It was a good read with believable dialog. ( )
  Mardel | Aug 5, 2011 |
This review was written for LibraryThing Early Reviewers.
At first, I did not think I would connect with Padilla’s Girls. Julia seemed a little too self-deprecating for me, and Ime and Concepcion too superficial. Nina and Marta were interesting, but they seemed like minor characters by comparison. I was wrong. I soon became absorbed in the plot and started to connect with Julia and her desire to prove herself as an independent career woman in a society that had little regard for girls from the barrio.

Girls has all the challenges, romance, and drama of a Spanish soap, but it’s also a story about finding one’s self and realizing that you can become the person you want to be and still hold on to who you are at heart. It’s an empowering tale. There is no perfect, tie-a-ribbon-around-it happy ending, but it is all the better for its honesty.

Read my complete review at things she read ( )
  emperatrix | Oct 11, 2010 |
Showing 1-5 of 18 (next | show all)
"The Girls from the Revolutionary Cantina" is the best kind of coming-of-age story, one in which an adult sifts through her experiences and culture to recognize her true self. M. Padilla does a remarkable job with his cast of characters, illuminating the Latina women in the novel so their personalities shine through, in stories from the past and the present.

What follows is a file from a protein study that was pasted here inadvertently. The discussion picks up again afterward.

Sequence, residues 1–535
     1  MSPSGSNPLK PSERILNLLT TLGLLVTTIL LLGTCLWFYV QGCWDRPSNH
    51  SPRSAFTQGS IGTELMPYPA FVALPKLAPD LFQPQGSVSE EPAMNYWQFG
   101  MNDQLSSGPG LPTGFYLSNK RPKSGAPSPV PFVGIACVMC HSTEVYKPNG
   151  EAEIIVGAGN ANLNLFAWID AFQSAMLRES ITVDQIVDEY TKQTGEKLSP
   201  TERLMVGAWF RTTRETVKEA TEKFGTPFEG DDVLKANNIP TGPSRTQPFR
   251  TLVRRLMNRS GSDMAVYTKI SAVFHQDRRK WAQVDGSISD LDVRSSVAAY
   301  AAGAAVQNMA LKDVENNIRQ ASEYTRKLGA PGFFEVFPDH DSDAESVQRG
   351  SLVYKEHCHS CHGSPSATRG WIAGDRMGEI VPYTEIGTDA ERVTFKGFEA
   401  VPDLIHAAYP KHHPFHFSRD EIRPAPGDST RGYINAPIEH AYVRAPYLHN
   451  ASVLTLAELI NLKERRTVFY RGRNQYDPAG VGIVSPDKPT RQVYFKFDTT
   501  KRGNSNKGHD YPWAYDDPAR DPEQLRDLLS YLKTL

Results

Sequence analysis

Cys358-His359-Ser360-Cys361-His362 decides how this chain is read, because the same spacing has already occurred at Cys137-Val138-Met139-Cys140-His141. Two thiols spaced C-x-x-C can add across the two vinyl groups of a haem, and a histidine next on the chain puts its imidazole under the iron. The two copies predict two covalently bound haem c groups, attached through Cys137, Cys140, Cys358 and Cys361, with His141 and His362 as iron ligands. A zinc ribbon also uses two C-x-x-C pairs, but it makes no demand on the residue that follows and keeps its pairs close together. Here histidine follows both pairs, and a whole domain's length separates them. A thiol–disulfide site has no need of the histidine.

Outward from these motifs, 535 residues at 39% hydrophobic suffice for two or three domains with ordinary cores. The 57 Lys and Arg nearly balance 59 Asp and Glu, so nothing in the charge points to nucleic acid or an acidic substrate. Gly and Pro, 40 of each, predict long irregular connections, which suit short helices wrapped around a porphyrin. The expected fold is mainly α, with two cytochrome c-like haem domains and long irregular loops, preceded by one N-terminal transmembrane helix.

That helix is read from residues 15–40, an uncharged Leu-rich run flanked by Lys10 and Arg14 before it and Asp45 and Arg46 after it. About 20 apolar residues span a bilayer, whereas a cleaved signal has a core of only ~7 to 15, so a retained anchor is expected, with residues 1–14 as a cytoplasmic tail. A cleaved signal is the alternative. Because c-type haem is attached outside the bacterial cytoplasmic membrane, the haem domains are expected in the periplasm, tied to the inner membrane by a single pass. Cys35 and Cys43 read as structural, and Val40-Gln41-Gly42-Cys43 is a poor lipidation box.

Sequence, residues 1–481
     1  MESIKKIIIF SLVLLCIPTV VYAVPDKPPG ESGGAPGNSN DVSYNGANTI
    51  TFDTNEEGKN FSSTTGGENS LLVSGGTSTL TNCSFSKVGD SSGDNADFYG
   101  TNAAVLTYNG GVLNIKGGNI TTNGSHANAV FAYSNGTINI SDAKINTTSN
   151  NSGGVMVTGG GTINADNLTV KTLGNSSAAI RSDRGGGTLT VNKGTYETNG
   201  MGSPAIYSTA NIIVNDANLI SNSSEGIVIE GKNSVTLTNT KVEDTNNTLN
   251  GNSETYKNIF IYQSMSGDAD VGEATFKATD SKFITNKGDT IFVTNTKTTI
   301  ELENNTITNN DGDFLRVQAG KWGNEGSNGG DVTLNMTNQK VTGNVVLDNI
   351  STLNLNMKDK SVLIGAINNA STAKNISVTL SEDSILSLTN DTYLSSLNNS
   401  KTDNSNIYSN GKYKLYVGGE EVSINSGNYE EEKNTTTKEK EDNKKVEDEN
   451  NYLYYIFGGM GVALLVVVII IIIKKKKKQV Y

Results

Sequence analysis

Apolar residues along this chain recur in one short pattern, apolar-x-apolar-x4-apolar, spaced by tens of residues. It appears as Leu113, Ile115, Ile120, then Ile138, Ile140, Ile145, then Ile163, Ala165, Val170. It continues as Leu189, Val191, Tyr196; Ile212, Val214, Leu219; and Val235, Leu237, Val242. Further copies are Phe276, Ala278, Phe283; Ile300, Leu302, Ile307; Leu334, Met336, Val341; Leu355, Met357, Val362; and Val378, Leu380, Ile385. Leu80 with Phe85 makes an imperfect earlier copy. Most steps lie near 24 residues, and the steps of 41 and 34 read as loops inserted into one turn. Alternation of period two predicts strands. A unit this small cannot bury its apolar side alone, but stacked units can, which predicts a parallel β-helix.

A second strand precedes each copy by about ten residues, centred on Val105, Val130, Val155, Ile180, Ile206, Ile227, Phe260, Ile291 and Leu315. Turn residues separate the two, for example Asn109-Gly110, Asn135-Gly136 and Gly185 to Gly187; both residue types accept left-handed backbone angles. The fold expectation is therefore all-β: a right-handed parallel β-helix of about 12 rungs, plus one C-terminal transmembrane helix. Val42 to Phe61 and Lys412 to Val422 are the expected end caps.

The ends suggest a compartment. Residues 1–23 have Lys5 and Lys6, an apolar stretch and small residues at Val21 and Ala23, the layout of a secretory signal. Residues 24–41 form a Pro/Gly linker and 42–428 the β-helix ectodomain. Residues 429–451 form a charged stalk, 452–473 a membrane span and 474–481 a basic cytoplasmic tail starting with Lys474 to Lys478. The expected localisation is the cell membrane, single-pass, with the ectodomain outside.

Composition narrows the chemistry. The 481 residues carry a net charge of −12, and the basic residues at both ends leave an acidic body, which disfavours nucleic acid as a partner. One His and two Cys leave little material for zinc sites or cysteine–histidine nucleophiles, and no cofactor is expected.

Julia Juarez is an up-and-coming account manager attempting to find security in her career success; still, she maintains a fierce sense of loyalty to the tight group of friends she has found.

The women, flamboyant dance teacher Concepcion, driven careerist Ime, practical Marta and timid Nina, must make room in their circle for the returning radical, Remedios. Julia must decide whether to focus on her career, romance or friendship.

It is through knowing the day-to-day drama of these colorful characters, and their lifestyle choices, that Julia becomes an independent woman. She begins pursuing her own goals and finding faith in the future.

With drama that ranges from fugitive actors to betraying friends, Julia learns to navigate the world based on her own sense of reality.

This, in and of itself, is so powerfully related that readers will not be able to put down the book. It is also a lesson worth learning: Julia must trust herself beyond all others and have faith in the future.

Padilla has written a charming and offbeat tale of a group of Latina women. It is the tale of women finding the way together until they must grow apart."

 

Padilla’s debut novel is funny, poignant, absorbing and hysterical. It’s about friendship, lovers, careers, self discovery, murder and Hollywood. Readers will laugh, cry and gasp at the shenanigans of these senoritas. Padilla does a great job at creating believable, likeable characters with witty dialogue and larger-than-life situations.